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Posts Tagged ‘@chrisdjmoyles’

Exclusive: Alan Carr Throws Caution To The Wind, Follows Three People

The Twittersphere was shocked today by reports that Alan Carr had abandoned his zero-follow policy and was now, in fact, following three people.

Alan Carr

Carr, an English stand-up comedian and television personality, was alleged to have said, “I get it! I finally get it!” to family, close friends and other famous people on Twitter.

BBC Radio 1 DJ, Chris Moyles, considered by many experts to be the first person to truly ‘get’ Twitter, was unavailable for comment, as was Lady GaGa, who appears to be the only celebrity left on the network who refuses to follow absolutely anybody.

Analysts expect Carr to be following some fourteen users by the end of the year.

UPDATE: Shortly after writing this article, @ladygaga suddenly followed 160+ people. Coincidence? Probably, but you never know. :)

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Celebrities Who 'Get' Twitter, Celebrities Who Don't

Earlier this week on his BBC radio show Chris Moyles (@chrisdjmoyles) waxed lyrically about Twitter, which he does fairly regularly, going on about how he totally gets it while other celebrity users of the service do not. He singled out Eddie Izzard (@eddieizzard) as an example. Izzard, he says, doesn’t get Twitter.

I found this interesting. Because Moyles doesn’t get Twitter, either. But Twitter gets him.

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Celebrities Who Are Failing @ Twitter

In an article in today’s Observer,  David Mitchell waxes fairly eloquently about the reasons he was drawn to Twitter in the first place (essentially, to usurp an imposter pretending to be him, which seems to have been the case for several celebrity appearances of late and, of course, as time passes, will increasingly become of import), and why, a heady 34 days later, he still isn’t really getting it.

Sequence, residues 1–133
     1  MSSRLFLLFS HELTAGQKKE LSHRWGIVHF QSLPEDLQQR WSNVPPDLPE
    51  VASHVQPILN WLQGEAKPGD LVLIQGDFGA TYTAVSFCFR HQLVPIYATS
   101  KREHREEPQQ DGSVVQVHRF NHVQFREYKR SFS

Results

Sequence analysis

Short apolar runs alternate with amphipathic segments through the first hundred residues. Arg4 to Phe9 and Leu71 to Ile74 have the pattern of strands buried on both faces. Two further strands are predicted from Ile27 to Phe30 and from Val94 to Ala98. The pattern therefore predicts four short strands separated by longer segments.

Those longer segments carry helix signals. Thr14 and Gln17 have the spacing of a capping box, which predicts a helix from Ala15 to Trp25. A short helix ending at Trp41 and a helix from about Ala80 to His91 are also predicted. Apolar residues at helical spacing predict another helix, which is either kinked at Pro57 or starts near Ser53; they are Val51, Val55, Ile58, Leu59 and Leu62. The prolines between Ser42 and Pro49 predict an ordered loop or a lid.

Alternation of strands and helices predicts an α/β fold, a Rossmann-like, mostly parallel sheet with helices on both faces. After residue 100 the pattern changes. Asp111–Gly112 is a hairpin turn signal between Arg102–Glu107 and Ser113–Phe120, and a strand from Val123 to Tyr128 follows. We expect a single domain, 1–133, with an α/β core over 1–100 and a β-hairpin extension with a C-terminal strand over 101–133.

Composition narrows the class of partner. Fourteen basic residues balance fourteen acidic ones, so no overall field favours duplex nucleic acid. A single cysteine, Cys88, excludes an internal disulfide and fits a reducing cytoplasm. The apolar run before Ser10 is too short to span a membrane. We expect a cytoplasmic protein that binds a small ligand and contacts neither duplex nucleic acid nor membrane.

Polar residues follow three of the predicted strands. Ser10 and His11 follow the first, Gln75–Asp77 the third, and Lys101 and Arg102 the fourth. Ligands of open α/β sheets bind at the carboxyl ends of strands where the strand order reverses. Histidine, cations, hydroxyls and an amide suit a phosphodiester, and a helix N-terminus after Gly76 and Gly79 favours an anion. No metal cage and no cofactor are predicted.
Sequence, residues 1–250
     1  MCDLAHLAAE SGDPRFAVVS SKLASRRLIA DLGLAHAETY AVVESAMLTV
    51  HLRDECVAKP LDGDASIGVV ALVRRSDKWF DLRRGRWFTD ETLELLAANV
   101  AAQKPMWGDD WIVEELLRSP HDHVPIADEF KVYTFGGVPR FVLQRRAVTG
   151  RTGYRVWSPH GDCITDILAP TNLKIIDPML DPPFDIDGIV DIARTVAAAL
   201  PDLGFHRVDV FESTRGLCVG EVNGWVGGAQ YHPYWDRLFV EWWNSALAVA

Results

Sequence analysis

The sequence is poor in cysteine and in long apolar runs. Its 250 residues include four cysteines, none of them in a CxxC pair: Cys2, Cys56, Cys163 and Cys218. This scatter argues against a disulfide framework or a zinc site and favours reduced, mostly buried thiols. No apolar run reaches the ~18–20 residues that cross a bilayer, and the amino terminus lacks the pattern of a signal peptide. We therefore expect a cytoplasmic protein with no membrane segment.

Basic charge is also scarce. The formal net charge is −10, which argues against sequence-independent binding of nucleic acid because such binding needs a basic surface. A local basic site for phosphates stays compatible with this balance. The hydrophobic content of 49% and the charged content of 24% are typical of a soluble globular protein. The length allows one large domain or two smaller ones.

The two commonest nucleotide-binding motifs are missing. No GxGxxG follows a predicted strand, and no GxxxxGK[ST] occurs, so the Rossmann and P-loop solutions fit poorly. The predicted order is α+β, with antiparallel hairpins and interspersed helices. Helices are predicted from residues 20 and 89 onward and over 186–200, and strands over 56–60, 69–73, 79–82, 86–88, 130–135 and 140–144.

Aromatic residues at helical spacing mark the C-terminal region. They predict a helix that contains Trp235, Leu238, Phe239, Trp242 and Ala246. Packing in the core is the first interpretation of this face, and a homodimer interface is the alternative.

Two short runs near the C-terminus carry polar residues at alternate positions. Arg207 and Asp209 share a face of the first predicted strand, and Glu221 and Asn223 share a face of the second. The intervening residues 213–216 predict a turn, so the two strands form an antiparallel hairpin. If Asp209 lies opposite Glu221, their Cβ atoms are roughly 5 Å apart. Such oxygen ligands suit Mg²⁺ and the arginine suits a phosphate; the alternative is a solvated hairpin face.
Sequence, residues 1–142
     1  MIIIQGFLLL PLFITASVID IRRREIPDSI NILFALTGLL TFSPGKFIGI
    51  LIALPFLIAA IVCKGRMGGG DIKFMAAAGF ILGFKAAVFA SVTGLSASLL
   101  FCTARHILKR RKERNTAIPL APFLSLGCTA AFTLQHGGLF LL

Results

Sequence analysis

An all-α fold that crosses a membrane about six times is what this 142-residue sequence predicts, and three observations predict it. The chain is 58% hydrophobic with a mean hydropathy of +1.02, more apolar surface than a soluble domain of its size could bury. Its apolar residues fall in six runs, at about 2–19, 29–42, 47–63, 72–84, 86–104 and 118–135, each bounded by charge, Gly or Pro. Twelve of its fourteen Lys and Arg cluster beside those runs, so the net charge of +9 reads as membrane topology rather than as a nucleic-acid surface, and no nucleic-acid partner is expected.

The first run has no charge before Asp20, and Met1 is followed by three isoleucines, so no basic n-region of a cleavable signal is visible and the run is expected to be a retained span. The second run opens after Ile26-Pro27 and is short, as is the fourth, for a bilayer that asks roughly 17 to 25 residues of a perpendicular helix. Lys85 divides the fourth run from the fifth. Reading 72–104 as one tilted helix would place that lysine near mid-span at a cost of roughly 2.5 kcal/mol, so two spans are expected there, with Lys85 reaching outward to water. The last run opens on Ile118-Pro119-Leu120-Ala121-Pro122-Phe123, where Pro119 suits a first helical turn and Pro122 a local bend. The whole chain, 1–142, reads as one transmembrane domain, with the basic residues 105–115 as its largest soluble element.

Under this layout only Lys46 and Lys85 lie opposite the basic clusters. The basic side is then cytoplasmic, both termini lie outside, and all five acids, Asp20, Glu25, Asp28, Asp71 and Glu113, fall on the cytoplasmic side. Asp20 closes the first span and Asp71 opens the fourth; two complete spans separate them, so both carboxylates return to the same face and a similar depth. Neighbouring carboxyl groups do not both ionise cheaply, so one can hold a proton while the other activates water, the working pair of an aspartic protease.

Mitchell isn’t alone. I like the guy – at least, on his endless television appearances he comes across as being essentially okay -  but the reason he isn’t getting Twitter is the same reason numerous other Twitterslebs aren’t getting it either: they’re not making the required effort.

Wikipedia, of which Mr Mitchell is a fan, describes Twitter as “…a social networking and micro-blogging service that allows its users to send and read other users’ updates (known as tweets), which are text-based posts of up to 140 characters in length.” Seems fair enough. But what Twitter really is, essentially, is a giant chat room. One that affords the user the luxury of defining both whom they wish to listen to, and whom they wish to hear them speak.

Of course, for your common or garden celebrity, the latter is all that really matters. It’s certainly true that all it takes to build an almost instant following in the tens of thousands is to be remotely famous. The more famous you are, the more you can quickly expedite that number to the glory of the top 100 most followed Twitter users. Not that you would imagine many celebrities really care about, and are even aware, of that. (Nor should anyone else, really. There’s a certain faux-credibility that comes with being in the top 100 list on Twitter – or at least there was – even if, in many instances, the actual value of following that user is of some debate.)

But, what many of them are simply not getting is this: Twitter is meant to be a two-way medium. It always was. I mentioned previously my idea that one way for the platform to move forward was to impose a ratio of followers to followed on all new accounts, so, if that ratio was imposed at 1:4, then you could only have 40,000 followers if you followed 10,000 people yourself. That might seem a little radical, but it would certainly mean that your more uneducated public figure would be somewhat forced to ‘get it’ pretty sharpish.

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